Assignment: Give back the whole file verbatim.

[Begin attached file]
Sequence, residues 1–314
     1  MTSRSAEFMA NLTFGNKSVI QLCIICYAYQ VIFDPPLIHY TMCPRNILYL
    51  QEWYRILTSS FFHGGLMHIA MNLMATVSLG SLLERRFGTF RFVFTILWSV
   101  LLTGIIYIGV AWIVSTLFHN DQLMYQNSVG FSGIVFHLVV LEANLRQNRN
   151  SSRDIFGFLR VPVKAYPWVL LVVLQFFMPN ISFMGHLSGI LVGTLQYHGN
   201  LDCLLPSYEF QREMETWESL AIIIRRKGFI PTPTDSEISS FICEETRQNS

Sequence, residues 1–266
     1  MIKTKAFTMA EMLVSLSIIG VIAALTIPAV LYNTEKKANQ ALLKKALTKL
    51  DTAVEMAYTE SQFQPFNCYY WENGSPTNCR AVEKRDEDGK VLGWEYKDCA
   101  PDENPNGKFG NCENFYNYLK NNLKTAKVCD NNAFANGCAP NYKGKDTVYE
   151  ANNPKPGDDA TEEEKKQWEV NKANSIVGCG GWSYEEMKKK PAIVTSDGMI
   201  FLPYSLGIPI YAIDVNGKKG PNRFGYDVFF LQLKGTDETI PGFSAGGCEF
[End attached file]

Sequence, residues 1–314
     1  MTSRSAEFMA NLTFGNKSVI QLCIICYAYQ VIFDPPLIHY TMCPRNILYL
    51  QEWYRILTSS FFHGGLMHIA MNLMATVSLG SLLERRFGTF RFVFTILWSV
   101  LLTGIIYIGV AWIVSTLFHN DQLMYQNSVG FSGIVFHLVV LEANLRQNRN
   151  SSRDIFGFLR VPVKAYPWVL LVVLQFFMPN ISFMGHLSGI LVGTLQYHGN
   201  LDCLLPSYEF QREMETWESL AIIIRRKGFI PTPTDSEISS FICEETRQNS

Sequence, residues 1–266
     1  MIKTKAFTMA EMLVSLSIIG VIAALTIPAV LYNTEKKANQ ALLKKALTKL
    51  DTAVEMAYTE SQFQPFNCYY WENGSPTNCR AVEKRDEDGK VLGWEYKDCA
   101  PDENPNGKFG NCENFYNYLK NNLKTAKVCD NNAFANGCAP NYKGKDTVYE
   151  ANNPKPGDDA TEEEKKQWEV NKANSIVGCG GWSYEEMKKK PAIVTSDGMI
   201  FLPYSLGIPI YAIDVNGKKG PNRFGYDVFF LQLKGTDETI PGFSAGGCEF